An Ancient Sport in a Modern World

Where even to begin? I love this crazy sport. It is a relic in the modern world. It is misogynistic and outdated and promotes an unhealthy lifestyle. It is rooted in the past; coming into the future slowly and reluctantly.

A gyoji, a referee in a sumo match.

Yet, I love it.

The men who compete — yes, only men — do now come from all over the world. And there are amateur sumo clubs around the globe, which include women, but they do not compete against the Nihon Sumo Kyokai. Some people are even trying to make sumo wrestling an Olympic event, but the idea has not caught on.

People ask me (over and over), Why do I love it?

My answer never changes: I am a fan of history and ritual and religion. Sumo is a little of each. In sumo, each and every action has a meaning. Each turn of the hand, each stomp of the foot, each tassel on the roof over the ring, and each drum beat signifies something greater than its appearance suggests.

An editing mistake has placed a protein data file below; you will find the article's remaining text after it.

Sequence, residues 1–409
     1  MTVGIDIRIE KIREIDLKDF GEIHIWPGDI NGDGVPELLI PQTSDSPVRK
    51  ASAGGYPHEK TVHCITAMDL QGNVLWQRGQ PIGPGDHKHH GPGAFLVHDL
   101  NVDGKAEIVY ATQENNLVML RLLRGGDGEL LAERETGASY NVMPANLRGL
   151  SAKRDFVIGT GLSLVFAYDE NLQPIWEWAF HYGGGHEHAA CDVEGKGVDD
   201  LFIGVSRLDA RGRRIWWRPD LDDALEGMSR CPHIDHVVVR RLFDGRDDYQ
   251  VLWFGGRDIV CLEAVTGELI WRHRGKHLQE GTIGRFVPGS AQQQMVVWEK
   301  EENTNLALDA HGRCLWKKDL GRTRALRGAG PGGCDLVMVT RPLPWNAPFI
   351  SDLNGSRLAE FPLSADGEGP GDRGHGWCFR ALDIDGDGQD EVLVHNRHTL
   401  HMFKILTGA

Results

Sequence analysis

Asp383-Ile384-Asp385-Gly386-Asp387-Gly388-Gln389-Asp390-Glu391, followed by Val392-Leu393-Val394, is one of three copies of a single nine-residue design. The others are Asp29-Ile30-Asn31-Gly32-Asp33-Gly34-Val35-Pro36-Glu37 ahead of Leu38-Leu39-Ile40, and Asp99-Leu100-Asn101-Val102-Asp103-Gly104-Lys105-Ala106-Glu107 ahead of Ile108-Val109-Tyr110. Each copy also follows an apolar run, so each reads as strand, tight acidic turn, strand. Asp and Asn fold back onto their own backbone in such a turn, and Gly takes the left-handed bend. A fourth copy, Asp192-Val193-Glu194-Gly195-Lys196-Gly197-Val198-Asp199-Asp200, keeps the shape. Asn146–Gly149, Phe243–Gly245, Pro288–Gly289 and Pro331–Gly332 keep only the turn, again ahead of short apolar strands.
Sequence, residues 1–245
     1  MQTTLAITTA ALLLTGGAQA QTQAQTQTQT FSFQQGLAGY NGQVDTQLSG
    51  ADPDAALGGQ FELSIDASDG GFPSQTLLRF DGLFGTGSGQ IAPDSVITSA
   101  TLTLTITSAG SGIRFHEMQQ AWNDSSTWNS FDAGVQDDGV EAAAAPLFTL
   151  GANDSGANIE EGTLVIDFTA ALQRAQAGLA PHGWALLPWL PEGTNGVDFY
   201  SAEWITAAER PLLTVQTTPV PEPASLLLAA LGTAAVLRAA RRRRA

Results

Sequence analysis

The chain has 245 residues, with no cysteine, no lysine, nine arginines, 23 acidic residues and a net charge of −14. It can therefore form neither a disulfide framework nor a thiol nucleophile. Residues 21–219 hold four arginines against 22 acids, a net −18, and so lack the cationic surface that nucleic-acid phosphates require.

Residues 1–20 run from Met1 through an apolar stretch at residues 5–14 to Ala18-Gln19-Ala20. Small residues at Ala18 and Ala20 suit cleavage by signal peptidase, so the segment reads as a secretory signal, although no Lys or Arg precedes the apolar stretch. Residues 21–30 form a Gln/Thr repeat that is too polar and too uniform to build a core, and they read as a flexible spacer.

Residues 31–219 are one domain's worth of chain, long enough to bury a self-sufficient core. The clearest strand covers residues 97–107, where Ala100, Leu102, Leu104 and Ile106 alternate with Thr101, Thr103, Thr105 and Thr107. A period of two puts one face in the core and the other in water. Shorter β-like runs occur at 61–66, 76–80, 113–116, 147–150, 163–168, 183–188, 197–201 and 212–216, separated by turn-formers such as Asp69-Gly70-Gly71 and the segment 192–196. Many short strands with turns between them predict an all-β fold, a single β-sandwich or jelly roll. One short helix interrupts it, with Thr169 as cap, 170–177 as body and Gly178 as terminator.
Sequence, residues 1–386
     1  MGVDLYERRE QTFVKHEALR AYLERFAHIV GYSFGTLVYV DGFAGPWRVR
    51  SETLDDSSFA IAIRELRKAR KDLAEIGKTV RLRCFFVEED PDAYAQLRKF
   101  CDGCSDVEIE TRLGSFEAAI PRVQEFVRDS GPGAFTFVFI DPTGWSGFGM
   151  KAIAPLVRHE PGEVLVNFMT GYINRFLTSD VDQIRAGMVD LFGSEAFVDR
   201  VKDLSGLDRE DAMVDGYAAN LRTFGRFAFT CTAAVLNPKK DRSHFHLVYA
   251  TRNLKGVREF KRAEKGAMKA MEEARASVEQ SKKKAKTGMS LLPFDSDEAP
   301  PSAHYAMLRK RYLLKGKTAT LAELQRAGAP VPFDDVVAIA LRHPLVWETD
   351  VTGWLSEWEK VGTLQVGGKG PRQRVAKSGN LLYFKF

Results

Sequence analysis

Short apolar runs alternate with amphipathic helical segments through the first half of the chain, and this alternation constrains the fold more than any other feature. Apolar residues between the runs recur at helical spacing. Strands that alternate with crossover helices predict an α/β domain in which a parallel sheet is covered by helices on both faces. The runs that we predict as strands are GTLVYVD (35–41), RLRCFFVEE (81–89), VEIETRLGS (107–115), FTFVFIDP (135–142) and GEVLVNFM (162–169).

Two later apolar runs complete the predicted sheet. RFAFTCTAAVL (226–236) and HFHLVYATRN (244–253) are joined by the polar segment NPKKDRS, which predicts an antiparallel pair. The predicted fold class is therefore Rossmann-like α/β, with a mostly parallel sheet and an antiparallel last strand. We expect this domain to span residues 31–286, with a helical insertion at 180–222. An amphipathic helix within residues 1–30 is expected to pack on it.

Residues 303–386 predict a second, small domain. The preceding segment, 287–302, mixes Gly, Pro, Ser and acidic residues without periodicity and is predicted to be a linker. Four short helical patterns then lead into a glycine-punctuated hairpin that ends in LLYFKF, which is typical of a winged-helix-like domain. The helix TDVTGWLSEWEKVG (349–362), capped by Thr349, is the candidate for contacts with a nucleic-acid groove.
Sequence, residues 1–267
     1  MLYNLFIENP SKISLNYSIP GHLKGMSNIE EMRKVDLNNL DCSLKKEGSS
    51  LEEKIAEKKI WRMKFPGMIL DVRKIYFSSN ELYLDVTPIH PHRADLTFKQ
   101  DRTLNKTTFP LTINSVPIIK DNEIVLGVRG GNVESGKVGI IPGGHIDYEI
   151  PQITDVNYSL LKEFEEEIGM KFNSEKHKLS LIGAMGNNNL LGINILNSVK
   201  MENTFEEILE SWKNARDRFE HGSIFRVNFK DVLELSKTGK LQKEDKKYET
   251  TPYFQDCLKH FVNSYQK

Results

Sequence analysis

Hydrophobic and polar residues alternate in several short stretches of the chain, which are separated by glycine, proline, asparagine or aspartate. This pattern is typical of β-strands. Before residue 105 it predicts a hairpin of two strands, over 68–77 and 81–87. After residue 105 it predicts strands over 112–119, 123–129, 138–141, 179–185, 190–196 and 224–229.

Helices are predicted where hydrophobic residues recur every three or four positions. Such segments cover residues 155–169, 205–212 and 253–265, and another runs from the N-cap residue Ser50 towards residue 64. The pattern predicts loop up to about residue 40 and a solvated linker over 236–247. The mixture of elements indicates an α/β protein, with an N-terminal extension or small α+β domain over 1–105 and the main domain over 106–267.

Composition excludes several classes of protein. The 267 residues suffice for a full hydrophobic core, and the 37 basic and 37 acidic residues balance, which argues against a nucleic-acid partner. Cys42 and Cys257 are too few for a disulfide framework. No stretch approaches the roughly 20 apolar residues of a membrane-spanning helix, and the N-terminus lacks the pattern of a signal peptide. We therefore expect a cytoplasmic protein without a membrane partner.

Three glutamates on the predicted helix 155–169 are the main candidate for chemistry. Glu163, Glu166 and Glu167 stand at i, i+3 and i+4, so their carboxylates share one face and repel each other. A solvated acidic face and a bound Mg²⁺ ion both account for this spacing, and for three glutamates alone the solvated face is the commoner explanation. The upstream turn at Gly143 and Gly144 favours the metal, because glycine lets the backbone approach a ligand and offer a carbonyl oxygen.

Sumo is all about ritual. From the ring entering ceremony to the salt and water; from the posturing to the exercises; and even the wrestling itself — it is a series of one historic ritual after another.

The ring is styled after a Shinto shrine because sumo’s origins are shrouded in the ancient religion of Japan. The many actions look like warriors battling it out because at one time they were. Turning from a religious ceremony into a training session for warriors, sumo continued to evolve. And when Japan settled into a long peaceful era of prosperity, sumo also adapted, becoming the entertainment it is today.

But evolution is not a hurried process, and these changes came about over hundreds of years. Now 1500 years old and still hanging on, I wonder how sumo will continue to evolve.

I sat in the gym on a Monday afternoon. Looking around, the place was quite naturally filled with retirees, being a workday for most of the world. I was very lucky that the tour came to Tokushima on my day off. But I wonder how many young people would have come even on a Saturday or holiday. Not many of the younger generation are as excited about sumo as I am.

The Sumo Kyokai knows that, and has already worried more than me about sumo’s future. A sport that changes slowly in a world that changes quickly seems in danger of dying. But the gym today was almost sold out, even on a Monday.

Sumo is still evolving, still changing, and still holing on to its rituals. It even draws in a new crowd of fans, younger fans. The excited four-year-old girl sitting next to us will attest to that. Right after she finishes shouting out the names of her favourite wrestlers.